Stump the PC Club is a free tech-advice column written by members of the North Orange County Computer Club, which has been in existence since 1976. Visit the club’s site at noccc.org. And don’t forget to stop by the Gadgetress’ home for the PC Club, at ocregister.com/link/pcclub, to find out how to ask a question and read past answers.
QUESTION: I am using Microsoft Word and I have created stationery or a letterhead template. Whenever I open Microsoft Word I want this template to open so I can immediately start typing a new document. Right now when I open Word, it opens to The Project Gallery then I have to click on My Templates and then on My Stationery. How can I bypass this and get my Stationery Template to open when I open Word? ~ Thanks, Bob
PC Club: Having Word start with a particular template loaded is easy but I suspect that you want the text and formatting that it contains to show up also. Word is typical of most Microsoft programs, Bob, in that there are several ways to accomplish the same thing and this is true here.
I can’t tell from your question whether you’re using a Mac or a Windows PC or which version of Word you’re using However, since most versions of Word behave the same whether on a Mac or Windows PC, this answer should cover your situation.
C:\Documents and Settings\User Name\Application Data\Microsoft\Word\Startup
To verify where Word stores your user templates, click “Tools,” “Options” and select the “File Locations” tab (see image on right), then select the “User templates” item. You won’t be able to see the full location unless you click the “Modify” button and the drop-down box.
Now to make a template the default document, you must modify the Normal.dot template. To do this, perform the following steps:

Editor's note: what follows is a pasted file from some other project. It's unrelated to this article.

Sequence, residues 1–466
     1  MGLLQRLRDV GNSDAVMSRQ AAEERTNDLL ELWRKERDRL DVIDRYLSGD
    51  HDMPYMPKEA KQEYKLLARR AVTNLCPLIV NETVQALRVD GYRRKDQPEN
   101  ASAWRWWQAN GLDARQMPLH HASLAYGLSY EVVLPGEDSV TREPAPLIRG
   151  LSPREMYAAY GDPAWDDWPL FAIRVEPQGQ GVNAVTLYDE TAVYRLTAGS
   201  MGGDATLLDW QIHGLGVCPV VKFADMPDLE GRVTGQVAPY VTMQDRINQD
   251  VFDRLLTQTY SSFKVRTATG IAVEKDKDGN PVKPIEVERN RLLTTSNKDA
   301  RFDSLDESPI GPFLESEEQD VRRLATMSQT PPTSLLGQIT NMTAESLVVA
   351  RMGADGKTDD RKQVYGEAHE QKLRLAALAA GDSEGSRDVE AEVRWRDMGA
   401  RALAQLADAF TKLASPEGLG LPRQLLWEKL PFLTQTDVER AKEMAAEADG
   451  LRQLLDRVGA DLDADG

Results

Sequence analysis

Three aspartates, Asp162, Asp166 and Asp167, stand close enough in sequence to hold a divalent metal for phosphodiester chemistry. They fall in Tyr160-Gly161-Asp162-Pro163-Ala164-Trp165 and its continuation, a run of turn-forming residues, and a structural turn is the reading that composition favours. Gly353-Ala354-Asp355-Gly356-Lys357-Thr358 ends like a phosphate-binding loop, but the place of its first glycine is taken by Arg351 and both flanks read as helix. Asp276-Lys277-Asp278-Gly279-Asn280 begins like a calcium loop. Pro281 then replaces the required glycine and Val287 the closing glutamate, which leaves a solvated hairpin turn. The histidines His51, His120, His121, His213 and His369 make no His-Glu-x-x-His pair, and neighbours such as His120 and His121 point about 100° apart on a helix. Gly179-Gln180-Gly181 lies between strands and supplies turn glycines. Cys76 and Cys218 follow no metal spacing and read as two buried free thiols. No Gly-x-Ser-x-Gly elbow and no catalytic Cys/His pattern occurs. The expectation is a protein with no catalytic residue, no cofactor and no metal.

From now on, any new document will be based on this template and contain any text or formatting that you added.
One disadvantage to this is if you want to create a plain document, you will have to remove the changes that you added to the Normal template. One suggestion is to save a copy of the original template and rename it to Normal.dotOld. This allows you to switch templates by renaming them. You must rename them with Word closed, however.
To gain access to the location where your templates are stored you will have to instruct Windows to show Hidden Files and Folders. You can do this by opening “My Computer,” and selecting “Tools,” and “Folder Options.” Select the “View” tab and place a check in “Show hidden files and folders.” From this location you can backup your templates to a safe location should you need to restore them.
Another option is to create a Word document containing your stationery content and then put a shortcut to it on your desktop. This method eliminates the need to fuss with the templates. It’s not as exotic but it gets the job done.
One other way is to create a Macro, which automatically adds the text and formatting you need for your Stationery with a single click of a button. Should you choose this approach, you only have to open Word, run the Macro and you will have your stationery.
To place a button for the macro on your Word Toolbar for easy access, just select “Tools,” “Customize” and select the “Commands” tab. Scroll down and locate Macros. You will see any macros that you created on the right. Just click and drag your newly created macro to a convenient location on your toolbar. You now have one-button access to your stationery. Close the Customize window and you’re done. For more information than you ever wanted to know about Word templates visit TecTrax’s article “Normal.dot template explained.” -Ed Schwartz, NOCCC member. View his blog at www.edwardns.com/blog.